PlayMania

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PlayMania
PlayMania-block.png
PlayMania logo (February 2007 - October 2007)
Format Game show
Written by Joyce Salter
Directed by Jason Challinor
Trey Evans
Presented by Shandi Finnessey
Mel Peachey
Jessica York
Angelle Tymon
Jeff Thisted
Country of origin United States
Original language(s) English
No. of episodes Original Run: 204
Incl. Block: 398
Production
Executive producer(s) John P. Roberts
Simon Willis
Producer(s) Oyama Caviness
Andrew Collins
Johnny Mansbach
Adam Mitchenall
Camera setup Multi-camera
Running time 120 minutes
Broadcast
Original channel GSN
Original run April 6, 2006 (2006-04-06) – October 31, 2007 (2007-10-31)
Chronology
Related shows Quiznation
100 Winners
Midnight Money Madness
External links
Website

PlayMania is a live interactive game show on GSN, hosted by Mel Peachey, Shandi Finnessey, Jessica York, Angelle Tymon, and Jeff Thisted. The two-hour program featured interactive games that the viewers could play to win cash prizes. On February 20, 2007, the show was replaced with two separate programs, quiznation and 100 Winners which were collectively known as the PlayMania Block.[1]

Format[edit]

The original PlayMania was a game show in which home viewers were the contestants. American residents 18 or older could enter the contest by text messaging for a small fee, or using the network's website to enter free. From January to April 2007 a premium-rate phone number was available to use as an entry method, as well. Within a few moments, a contestant was notified whether or not his or her entry had been chosen (at random) to proceed to another random selection process. If an entry was selected in the second phase, the contestant would then be called on his or her home or mobile phone, depending on which method of entry had been used. The contestant would then, if the game was still in progress, play on-air. After a game was completed, the queue was cleared, and any entrants who wished to play the next game were required to re-enter. A $.99 fee applied for each text message entry or premium rate phone call, along with standard text messaging rates added to the former. Entries on the network's website were free. Regardless of the method of entry, each entry had an equal chance of being selected. An entry did not necessarily guarantee an opportunity to appear on the show. Residents of certain states were ineligible to play using various entry methods.[2]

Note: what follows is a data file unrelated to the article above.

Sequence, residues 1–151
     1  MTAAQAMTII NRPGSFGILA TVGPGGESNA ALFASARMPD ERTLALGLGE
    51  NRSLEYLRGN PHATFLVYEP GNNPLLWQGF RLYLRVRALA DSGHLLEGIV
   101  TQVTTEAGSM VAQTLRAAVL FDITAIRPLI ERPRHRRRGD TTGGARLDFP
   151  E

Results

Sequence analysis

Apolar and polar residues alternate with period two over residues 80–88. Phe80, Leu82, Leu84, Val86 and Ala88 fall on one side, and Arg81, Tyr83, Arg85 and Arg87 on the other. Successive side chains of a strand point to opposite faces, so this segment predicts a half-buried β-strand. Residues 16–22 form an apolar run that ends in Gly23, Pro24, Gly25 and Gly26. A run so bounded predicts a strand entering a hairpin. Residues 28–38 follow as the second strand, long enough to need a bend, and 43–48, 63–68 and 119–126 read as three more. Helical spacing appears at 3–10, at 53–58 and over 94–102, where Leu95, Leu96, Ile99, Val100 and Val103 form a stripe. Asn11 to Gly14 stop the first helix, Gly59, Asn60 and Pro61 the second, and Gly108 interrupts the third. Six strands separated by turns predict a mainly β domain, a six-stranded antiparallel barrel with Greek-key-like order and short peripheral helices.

The PlayMania Block shows have continued to use the same entry process.

Programming history[edit]

The original format of PlayMania was based on Quiznation, a British television channel produced by Optimistic Entertainment. Optimistic was also co-producer of the U.S. PlayMania, and Mel Peachey, one of the hosts of Quiznation, was brought over to host the U.S. version. After the division of PlayMania into two separate programs, the Quiznation name would be used in the U.S., as well. PlayMania originally was scheduled to air three days a week in April 2006, from 1 - 3 AM (Eastern Time); a Sunday broadcast was added on August 27, and Tuesday and Wednesday editions were added on October 3 and October 4 of that year. The airtime of the show changed to 12 midnight - 2 AM (ET) beginning with the August 24, 2006 episode.

On February 20, 2007, PlayMania was divided into two separate programs. Collectively, these shows, quiznation and 100 Winners, became known as "the PlayMania Block." While 100 Winners presented a format novel to American viewers, the quiznation program shared games and a similar format with the original PlayMania.

Right side of April - August 2006 set.

By June 14, 2007, all scheduled airings of 100 Winners had been replaced with quiznation episodes.[3] The show is considered indefinitely canceled from the programming schedule, and is no longer referenced in the official rules described on the GSN website.[4] The same month 100 Winners was canceled, Optimistic Entertainment, the co-producer of PlayMania Block, went into administration.[5] It is unknown what impact, if any, this has had or will have on the PlayMania Block.